Difference between revisions of "Benchmark"

From MarketsWiki
Jump to: navigation, search
 
(6 intermediate revisions by 4 users not shown)
Line 1: Line 1:
+
{{Random_adbox}}
 
+
__NOTOC__
 
Benchmarks are average or standard measurements of the performance of an investment market or [[asset]] class. They usually serve as a base for comparing the performance of an individual holding against the benchmark overall market performance.<ref>{{cite web|url=http://www.pathtoinvesting.org/experts/manage_stock/manage_061.htm
 
Benchmarks are average or standard measurements of the performance of an investment market or [[asset]] class. They usually serve as a base for comparing the performance of an individual holding against the benchmark overall market performance.<ref>{{cite web|url=http://www.pathtoinvesting.org/experts/manage_stock/manage_061.htm
 
|name=Market Benchmarks|org=Path to Investing|date=April 14, 2008}}</ref>
 
|name=Market Benchmarks|org=Path to Investing|date=April 14, 2008}}</ref>
Line 6: Line 6:
 
==Kinds of benchmarks==  
 
==Kinds of benchmarks==  
  
===[[Stock index]]===
+
===Stock Index===
National stock-market indexes like America's [[Dow Jones Industrial Average]], Japan's [[Nikkei 225]] or Germany's [[DAX]] are the best known and most widely used benchmarks for equity investors. But sector-based indexes like the small-cap [[Russell 2000 Index]] and the [[NASDAQ Biotechnology Index]] are growing in popularity, while global-market investors prefer [[Morgan Stanley]] Capital International's three-continent [[EAFE Index]].
+
National [[stock]] market indexes like America's [[Dow Jones Industrial Average]], Japan's [[Nikkei 225]] or Germany's [[DAX]] are the best known and most widely used benchmarks for equity investors. But sector-based indexes like the [[small cap]] [[Russell 2000 Index]] and the [[NASDAQ Biotechnology Index]] are growing in popularity, while global-market investors prefer [[Morgan Stanley]] Capital International's three-continent [[EAFE Index]].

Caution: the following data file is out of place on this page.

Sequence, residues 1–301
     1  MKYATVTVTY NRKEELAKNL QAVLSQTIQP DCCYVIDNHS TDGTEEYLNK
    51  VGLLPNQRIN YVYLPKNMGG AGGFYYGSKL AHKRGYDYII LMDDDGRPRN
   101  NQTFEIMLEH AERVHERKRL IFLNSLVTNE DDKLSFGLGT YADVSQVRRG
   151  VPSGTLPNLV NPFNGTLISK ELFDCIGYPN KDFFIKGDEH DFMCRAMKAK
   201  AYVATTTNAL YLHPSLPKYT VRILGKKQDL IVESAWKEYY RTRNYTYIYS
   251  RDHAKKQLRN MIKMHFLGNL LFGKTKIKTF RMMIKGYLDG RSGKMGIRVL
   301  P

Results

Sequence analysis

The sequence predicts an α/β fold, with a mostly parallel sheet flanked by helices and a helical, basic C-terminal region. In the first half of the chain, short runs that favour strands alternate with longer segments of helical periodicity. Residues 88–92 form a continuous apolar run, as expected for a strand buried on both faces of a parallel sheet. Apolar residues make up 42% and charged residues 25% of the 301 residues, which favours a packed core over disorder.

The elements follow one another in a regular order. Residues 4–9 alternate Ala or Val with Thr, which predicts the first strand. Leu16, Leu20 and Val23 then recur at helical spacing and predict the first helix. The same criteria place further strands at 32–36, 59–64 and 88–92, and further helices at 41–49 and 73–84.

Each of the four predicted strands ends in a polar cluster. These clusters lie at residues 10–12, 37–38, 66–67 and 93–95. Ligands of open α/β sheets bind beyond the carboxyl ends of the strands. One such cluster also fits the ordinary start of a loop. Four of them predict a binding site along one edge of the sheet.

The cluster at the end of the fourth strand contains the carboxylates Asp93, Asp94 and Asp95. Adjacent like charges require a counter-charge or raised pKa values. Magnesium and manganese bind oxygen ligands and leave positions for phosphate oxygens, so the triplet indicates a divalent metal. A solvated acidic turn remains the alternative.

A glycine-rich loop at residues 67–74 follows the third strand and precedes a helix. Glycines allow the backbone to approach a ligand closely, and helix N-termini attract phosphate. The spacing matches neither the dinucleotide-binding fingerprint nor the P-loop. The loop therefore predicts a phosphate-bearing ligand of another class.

===Bond index===
+
===Bond Index===
Bond markets also employ different indexes as benchmarks for different markets and sectors. The widely-used [[Lehman Brothers]] [[Aggregate Bond Index]], an accumulation of several bond market indexes, forms a traditional benchmark for bond funds<ref>{{cite web|url=http://www.axaonline.com/rs/3p/sp/5056.html#what|name=Benchmarks|org=AXA Online|date=April 14, 2008}}</ref>. Yields on 10-year U.S. Treasury [[bonds]] are considered one of the strongest benchmarks for long-term bond  performances.
+
[[Bond]] markets also employ different indexes as benchmarks for different markets and sectors. The widely-used [[Lehman Brothers]] [[Aggregate Bond Index]], an accumulation of several bond market indexes, forms a traditional benchmark for bond funds.<ref>{{cite web|url=http://www.axaonline.com/rs/3p/sp/5056.html#what|name=Benchmarks|org=AXA Online|date=April 14, 2008}}</ref> Yields on 10-year U.S. Treasury [[bonds]] are considered one of the strongest benchmarks for long-term bond  performances.
  
===Economic indicator===
+
===Economic Indicator===
Some investors look beyond the markets themselves to the broader national or international economic outlook for performance guages. [[Short-term interest rates]] are probably the most commonly-employed indicator benchmark but quarterly employment, productivity and GDP numbers are all valued by traders and investors as 'reality check' benchmarks.
+
Some investors look beyond the markets themselves to the broader national or international economic outlook for performance gauges. [[Short-term interest rates]] are probably the most commonly-employed indicator benchmark but quarterly employment, productivity and [[GDP]] numbers are all valued by traders and investors as 'reality check' benchmarks.
  
 
== References ==
 
== References ==
 
<references />
 
<references />
 +
[[Category:Definitions]]

Latest revision as of 05:44, 3 July 2012

Benchmarks are average or standard measurements of the performance of an investment market or asset class. They usually serve as a base for comparing the performance of an individual holding against the benchmark overall market performance.[1]

Kinds of benchmarks

Stock Index

National stock market indexes like America's Dow Jones Industrial Average, Japan's Nikkei 225 or Germany's DAX are the best known and most widely used benchmarks for equity investors. But sector-based indexes like the small cap Russell 2000 Index and the NASDAQ Biotechnology Index are growing in popularity, while global-market investors prefer Morgan Stanley Capital International's three-continent EAFE Index.

Bond Index

Bond markets also employ different indexes as benchmarks for different markets and sectors. The widely-used Lehman Brothers Aggregate Bond Index, an accumulation of several bond market indexes, forms a traditional benchmark for bond funds.[2] Yields on 10-year U.S. Treasury bonds are considered one of the strongest benchmarks for long-term bond performances.

Economic Indicator

Some investors look beyond the markets themselves to the broader national or international economic outlook for performance gauges. Short-term interest rates are probably the most commonly-employed indicator benchmark but quarterly employment, productivity and GDP numbers are all valued by traders and investors as 'reality check' benchmarks.

References

  1. Market Benchmarks. Path to Investing.
  2. Benchmarks. AXA Online.